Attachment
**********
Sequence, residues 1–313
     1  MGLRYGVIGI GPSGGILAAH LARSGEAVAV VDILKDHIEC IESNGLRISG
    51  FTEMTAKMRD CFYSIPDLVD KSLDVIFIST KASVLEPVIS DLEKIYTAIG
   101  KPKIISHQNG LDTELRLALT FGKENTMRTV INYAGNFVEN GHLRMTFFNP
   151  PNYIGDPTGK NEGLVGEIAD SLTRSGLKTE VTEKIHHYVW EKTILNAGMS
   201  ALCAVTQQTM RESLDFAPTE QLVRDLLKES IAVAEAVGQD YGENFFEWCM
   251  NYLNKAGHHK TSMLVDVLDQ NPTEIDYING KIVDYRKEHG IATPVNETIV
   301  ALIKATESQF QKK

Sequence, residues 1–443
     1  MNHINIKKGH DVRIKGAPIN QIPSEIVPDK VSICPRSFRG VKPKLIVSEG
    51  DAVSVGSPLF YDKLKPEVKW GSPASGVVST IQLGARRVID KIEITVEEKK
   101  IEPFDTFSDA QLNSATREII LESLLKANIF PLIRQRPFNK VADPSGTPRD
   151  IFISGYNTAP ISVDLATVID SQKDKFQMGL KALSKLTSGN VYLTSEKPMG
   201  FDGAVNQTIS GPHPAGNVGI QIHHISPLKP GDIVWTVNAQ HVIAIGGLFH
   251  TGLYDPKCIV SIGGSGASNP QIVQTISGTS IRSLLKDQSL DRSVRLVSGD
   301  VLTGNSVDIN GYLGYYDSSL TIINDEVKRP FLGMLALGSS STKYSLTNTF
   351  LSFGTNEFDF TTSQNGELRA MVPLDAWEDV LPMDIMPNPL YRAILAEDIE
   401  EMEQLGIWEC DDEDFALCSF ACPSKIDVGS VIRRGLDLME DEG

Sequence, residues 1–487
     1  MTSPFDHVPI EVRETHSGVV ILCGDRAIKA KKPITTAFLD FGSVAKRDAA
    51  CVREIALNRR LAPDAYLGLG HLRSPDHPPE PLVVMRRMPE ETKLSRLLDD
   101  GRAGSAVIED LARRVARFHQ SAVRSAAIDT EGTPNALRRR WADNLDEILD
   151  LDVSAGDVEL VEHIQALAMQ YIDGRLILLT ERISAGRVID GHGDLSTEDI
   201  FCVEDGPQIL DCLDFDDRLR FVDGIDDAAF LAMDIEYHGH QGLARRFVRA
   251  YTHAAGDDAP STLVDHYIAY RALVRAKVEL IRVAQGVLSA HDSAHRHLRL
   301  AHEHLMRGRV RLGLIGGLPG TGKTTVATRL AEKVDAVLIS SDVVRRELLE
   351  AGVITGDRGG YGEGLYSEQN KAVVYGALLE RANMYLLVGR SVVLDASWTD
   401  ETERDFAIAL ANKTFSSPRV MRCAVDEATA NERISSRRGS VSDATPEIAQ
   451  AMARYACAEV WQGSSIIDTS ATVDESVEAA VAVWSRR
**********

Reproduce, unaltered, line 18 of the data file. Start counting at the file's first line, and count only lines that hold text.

   401  EMEQLGIWEC DDEDFALCSF ACPSKIDVGS VIRRGLDLME DEG